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Support for market economy principles in European post-communist countries during 1999-2008

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Year of publication 2019
Type Article in Periodical
Magazine / Source Sociologický časopis
MU Faculty or unit

Faculty of Social Studies

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Keywords market economy; post-communist countries; free competition; private ownership; state regulation of economy; welfare attitudes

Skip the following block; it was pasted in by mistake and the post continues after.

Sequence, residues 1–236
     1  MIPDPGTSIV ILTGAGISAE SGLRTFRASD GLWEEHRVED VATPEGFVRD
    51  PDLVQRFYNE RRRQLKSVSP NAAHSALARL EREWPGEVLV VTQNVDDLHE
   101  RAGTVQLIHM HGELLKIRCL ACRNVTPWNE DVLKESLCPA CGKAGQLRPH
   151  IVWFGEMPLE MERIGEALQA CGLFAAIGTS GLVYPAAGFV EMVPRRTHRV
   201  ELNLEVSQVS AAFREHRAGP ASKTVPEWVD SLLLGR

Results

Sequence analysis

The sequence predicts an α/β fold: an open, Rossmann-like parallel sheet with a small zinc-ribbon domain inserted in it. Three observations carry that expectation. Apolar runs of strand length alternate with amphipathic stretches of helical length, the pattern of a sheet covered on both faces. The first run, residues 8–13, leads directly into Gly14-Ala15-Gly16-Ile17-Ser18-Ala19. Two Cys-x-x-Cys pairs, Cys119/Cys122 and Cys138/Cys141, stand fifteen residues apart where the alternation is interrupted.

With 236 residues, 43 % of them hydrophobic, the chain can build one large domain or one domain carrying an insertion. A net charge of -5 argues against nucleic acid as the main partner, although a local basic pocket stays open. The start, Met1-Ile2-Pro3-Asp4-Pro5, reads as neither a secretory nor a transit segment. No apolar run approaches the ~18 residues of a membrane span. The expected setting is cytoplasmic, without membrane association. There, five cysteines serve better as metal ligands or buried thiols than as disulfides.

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Description Since the fall of the communist regimes in Central and Eastern Europe in 1989, neoliberal discourse has dominated among the political elite in the post-communist countries, paving the way for unprecedented mass privatisation, economic deregulation, and other market reforms. In this paper, we study the development of public support for market economy principles in post-communist countries compared to other European countries during the 1999-2008 period, which is the period that directly followed the initial stage of market transformation. We use data from the European Value Survey covering 22 European countries for the years 1999/2000 and 2008/2009. In addition to analysing the trends, we apply multilevel regression models to study the determinants and levels of support for the market economy in post-communist and other European countries. We find that, when controlling for individual and country-level variables, a significant increase in support for market economy principles has taken place in the post-communist cluster, which is not the case in the other countries. There is some inconsistency in support for the individual principles of market economics: support exists in post-communist countries for the notion that the state should be responsible for the social and economic well-being of its inhabitants and for state regulation of the economy, while support is high for some market economy principles, such as free competition and private ownership. In other words, support for some kind of social market seems to dominate the views of those living in post-communist countries, in which the state should combine a market economy with relatively generous social policies.
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